AfCFTA – A New Strategy for Energy Transition

24 March 2023

The AfCFTA WEF agreement is a trade deal that was signed in Davos, Switzerland, in January 2023, between the African Continental Free Trade Area (AfCFTA) and the World Economic Forum (WEF). The agreement aims to boost trade and investment between Africa and the rest of the world, as well as support the continent's economic recovery and development after the COVID-19 pandemic.

The agreement includes a commitment to support Africa's energy transition and policy aiming to achieve climate justice, by providing financial and technical assistance, facilitating technology transfer and innovation, and promoting regional integration and cooperation. The agreement also recognizes the importance of involving the private sector, civil society and youth in the process, as well as ensuring gender equality and social inclusion.

The climate justice aspect in Africa in terms of the energy transition is a key issue that was discussed at the Davos 2023 meeting. The energy transition refers to the shift from fossil fuels to renewable and clean sources of energy, such as solar, wind, hydro and geothermal. Climate justice is the principle that the people and communities who are most affected by the impacts of climate change, such as droughts, floods, heat waves and diseases, should be supported and empowered to adapt and mitigate the effects. Africa is one of the most vulnerable regions to climate change, but also has a huge potential for renewable energy development.

Some of the main challenges of the energy transition and climate justice in Africa are:
- Lack of adequate and affordable financing for renewable energy projects, especially in rural and remote areas, where the costs and risks are higher.
- Insufficient infrastructure and grid capacity to integrate and distribute renewable energy, as well as to connect and electrify millions of people who still lack access to modern energy services.
- Policy and regulatory barriers that hinder the development and deployment of renewable energy, such as tariffs, subsidies, taxes, permits and standards.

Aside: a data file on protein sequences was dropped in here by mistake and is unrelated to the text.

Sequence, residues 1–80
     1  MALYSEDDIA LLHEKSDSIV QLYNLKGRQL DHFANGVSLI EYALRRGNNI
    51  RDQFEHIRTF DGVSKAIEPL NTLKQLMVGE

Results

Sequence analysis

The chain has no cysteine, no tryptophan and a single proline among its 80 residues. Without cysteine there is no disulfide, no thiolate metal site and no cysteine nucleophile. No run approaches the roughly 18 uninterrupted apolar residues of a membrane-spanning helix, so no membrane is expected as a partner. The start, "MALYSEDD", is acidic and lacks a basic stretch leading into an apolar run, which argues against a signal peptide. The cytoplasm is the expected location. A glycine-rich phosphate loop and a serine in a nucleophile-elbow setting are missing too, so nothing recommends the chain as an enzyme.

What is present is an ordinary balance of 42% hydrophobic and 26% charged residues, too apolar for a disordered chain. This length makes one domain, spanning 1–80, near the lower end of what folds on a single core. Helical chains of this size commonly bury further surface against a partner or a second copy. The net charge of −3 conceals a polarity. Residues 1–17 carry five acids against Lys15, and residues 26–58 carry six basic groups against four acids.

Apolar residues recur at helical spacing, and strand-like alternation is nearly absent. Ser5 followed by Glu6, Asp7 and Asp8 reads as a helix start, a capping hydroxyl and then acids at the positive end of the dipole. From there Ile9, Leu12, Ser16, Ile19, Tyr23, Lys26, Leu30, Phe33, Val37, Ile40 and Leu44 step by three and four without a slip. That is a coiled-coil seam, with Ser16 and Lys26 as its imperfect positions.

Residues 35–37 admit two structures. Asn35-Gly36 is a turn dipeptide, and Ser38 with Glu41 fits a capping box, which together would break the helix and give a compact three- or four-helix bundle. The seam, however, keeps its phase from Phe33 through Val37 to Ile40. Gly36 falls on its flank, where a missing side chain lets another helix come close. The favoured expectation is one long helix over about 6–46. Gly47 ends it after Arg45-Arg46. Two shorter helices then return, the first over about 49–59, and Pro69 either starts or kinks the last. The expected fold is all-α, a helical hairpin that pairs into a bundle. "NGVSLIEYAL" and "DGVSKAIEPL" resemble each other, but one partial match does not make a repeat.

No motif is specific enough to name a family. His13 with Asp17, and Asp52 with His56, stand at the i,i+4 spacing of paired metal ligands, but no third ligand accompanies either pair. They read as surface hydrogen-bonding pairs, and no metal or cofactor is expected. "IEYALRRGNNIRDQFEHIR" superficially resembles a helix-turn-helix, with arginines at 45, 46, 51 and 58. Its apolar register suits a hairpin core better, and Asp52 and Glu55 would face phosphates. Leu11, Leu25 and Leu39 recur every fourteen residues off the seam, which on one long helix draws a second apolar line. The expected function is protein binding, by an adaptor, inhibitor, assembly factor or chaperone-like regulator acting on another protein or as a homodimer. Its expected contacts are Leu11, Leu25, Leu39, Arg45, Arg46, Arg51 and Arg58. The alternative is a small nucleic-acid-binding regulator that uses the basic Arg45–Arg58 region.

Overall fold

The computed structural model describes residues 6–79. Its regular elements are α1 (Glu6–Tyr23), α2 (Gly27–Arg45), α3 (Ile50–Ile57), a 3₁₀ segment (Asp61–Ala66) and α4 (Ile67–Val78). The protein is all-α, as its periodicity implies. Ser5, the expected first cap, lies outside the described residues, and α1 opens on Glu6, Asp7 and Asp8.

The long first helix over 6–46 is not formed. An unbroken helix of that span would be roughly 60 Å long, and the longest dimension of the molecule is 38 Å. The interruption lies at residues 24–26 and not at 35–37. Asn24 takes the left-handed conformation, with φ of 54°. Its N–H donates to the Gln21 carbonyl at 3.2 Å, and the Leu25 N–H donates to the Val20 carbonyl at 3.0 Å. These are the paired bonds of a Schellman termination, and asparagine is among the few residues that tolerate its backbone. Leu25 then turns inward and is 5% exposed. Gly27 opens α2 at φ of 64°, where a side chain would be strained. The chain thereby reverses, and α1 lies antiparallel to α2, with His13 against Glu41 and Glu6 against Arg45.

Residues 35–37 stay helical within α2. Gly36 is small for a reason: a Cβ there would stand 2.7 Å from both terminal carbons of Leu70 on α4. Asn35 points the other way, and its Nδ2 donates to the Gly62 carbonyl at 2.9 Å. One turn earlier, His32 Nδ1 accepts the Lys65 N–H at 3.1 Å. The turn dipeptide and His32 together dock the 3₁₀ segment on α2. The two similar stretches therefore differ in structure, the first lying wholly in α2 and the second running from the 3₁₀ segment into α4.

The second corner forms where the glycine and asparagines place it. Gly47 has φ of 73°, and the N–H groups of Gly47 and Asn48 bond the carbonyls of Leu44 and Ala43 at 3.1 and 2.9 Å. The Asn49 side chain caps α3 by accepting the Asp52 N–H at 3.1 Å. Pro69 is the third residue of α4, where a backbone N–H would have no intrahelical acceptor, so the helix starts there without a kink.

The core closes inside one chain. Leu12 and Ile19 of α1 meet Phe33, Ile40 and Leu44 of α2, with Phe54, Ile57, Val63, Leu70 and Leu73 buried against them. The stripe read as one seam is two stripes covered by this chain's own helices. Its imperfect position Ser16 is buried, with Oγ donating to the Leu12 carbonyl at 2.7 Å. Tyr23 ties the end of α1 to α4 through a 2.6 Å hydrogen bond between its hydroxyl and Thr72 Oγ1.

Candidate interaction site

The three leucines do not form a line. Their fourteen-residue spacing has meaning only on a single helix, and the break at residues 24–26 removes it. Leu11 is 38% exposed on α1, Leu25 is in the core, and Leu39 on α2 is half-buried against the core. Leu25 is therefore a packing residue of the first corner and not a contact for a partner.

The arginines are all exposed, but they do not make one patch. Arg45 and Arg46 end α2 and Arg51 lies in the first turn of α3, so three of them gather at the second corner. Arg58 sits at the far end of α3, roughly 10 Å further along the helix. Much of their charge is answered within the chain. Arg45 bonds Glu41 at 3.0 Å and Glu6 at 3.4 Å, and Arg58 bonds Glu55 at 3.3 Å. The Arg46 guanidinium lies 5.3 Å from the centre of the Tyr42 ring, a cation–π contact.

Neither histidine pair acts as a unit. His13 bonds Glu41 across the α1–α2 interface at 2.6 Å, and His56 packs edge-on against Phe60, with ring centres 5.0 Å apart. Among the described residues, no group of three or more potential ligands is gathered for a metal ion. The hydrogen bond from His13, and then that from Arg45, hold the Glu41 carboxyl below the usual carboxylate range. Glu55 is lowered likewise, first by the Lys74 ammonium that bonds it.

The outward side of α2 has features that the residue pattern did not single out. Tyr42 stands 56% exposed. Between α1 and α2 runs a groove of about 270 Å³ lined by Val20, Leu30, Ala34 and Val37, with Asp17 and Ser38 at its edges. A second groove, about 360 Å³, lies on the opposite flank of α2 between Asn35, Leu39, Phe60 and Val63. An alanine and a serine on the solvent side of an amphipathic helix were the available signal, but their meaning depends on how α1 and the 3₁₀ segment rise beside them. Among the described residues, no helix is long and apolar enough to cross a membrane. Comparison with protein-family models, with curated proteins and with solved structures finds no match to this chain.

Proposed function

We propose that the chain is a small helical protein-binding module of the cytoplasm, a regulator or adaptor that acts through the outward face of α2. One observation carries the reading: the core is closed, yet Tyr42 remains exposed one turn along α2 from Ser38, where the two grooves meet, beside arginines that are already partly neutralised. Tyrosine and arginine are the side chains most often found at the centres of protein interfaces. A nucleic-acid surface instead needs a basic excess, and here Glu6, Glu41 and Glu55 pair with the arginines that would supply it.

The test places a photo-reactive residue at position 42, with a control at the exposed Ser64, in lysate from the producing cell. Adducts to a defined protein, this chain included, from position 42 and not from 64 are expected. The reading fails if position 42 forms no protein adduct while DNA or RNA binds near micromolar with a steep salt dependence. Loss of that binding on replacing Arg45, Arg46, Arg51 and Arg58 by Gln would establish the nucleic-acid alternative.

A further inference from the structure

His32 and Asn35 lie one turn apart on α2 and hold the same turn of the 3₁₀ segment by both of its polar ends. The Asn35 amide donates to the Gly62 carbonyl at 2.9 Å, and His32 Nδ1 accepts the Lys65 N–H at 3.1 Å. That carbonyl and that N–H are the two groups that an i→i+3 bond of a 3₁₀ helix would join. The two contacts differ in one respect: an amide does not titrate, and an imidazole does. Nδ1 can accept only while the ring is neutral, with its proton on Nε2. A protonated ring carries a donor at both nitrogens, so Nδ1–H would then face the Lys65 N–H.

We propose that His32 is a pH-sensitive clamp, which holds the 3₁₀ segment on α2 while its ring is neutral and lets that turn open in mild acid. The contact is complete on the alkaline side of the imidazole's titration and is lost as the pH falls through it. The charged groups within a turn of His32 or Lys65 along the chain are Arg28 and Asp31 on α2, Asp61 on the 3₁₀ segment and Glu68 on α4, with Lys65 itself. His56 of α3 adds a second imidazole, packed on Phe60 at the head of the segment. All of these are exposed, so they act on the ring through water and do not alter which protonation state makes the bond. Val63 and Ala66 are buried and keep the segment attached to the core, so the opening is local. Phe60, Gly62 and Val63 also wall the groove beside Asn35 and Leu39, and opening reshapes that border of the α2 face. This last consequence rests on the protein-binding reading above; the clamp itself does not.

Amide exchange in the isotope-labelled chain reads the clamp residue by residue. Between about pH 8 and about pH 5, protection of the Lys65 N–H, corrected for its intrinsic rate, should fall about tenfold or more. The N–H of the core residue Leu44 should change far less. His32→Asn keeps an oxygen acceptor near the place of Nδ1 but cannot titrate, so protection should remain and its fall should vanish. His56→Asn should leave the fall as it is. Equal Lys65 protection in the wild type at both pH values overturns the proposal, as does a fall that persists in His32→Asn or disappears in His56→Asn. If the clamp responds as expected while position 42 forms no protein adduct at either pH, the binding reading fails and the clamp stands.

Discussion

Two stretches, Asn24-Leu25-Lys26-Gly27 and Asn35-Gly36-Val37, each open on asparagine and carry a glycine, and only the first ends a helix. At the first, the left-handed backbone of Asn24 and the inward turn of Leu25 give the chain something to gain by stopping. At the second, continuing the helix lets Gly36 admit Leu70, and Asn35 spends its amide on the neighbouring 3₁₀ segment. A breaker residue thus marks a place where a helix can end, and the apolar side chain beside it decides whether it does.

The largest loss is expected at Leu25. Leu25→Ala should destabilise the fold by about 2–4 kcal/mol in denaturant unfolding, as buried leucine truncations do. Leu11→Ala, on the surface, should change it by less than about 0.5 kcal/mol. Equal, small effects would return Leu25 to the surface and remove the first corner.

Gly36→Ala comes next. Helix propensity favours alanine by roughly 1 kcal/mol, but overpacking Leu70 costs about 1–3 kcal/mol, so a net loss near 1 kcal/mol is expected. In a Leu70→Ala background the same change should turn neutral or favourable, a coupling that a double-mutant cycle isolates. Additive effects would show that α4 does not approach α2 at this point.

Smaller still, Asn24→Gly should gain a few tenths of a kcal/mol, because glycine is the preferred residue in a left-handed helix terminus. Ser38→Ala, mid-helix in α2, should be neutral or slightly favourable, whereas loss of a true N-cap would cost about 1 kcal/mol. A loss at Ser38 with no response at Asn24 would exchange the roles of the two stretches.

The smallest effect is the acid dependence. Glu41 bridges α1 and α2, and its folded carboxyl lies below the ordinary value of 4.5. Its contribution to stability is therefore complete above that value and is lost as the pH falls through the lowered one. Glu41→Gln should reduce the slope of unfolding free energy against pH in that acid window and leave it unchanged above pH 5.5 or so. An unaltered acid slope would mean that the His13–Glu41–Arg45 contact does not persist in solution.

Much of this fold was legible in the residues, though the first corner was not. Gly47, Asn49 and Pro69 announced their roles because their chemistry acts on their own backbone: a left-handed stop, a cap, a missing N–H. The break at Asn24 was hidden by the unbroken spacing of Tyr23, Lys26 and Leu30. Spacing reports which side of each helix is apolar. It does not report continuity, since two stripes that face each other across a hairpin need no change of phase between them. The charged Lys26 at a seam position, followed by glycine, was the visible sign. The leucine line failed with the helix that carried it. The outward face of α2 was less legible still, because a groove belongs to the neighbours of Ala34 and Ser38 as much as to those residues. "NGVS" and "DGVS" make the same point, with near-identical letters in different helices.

- Social and environmental impacts of the energy transition, such as the displacement of workers and communities, the loss of livelihoods and revenues, and the potential conflicts over land and water resources.
- Capacity and knowledge gaps among the stakeholders involved in the energy transition, such as policymakers, investors, developers, operators, consumers and civil society.

These challenges require concerted and coordinated efforts from all actors, at the national, regional and international levels, to overcome them and to ensure a fair and inclusive energy transition that benefits all Africans. The AfCFTA WEF agreement aims to support Africa's energy transition and climate justice challenges by providing financial and technical assistance to African countries and businesses to develop and implement renewable energy projects, especially in rural and off-grid areas, and to improve energy efficiency and conservation. A key factor will be the technology transfer and innovation that is needed to enable the African countries and businesses to access and adopt the latest and best renewable energy technologies, as well as to foster local research and development capacities.

The agenda of the agreement includes the promotion of regional integration and cooperation to enhance the interconnection and harmonization of energy markets and policies across Africa, and to foster cross-border trade and investment in renewable energy. In order to achieve it, all the stakeholders must be involved in the energy transition and climate justice process - the private sector, civil society and youth - by creating platforms and mechanisms for dialogue, partnership and participation, and by supporting each other's initiatives and solutions. On top of that, to ensure the gender equality and social inclusion, there is a great need to address the specific needs and challenges of women and marginalized groups, and to empower them to access and benefit from renewable energy opportunities.

The agreement has been received with mixed reactions, depending on the perspective and interest of the stakeholders. There was positive feedback from the African Union, the WEF, the United Nations, the European Union, the United States, China, India and other major trade and development partners of Africa, who have welcomed the agreement as a milestone for enhancing Africa's economic integration, resilience and sustainability. Constructive criticism was received from some African civil society organizations, academics, activists and journalists, who have raised concerns about the potential negative impacts of the agreement on Africa's sovereignty, environment, human rights and social justice, and have called for more transparency, accountability and participation in the implementation and monitoring of the agreement. A more negative response was received from several fossil fuel companies, lobby groups and countries, who have opposed the agreement as a threat to their interests and profits, and have argued that it is unfair and unrealistic to expect Africa to reduce its emissions and transition to renewable energy, while the developed countries have historically contributed more to the climate crisis and have not fulfilled their commitments and obligations.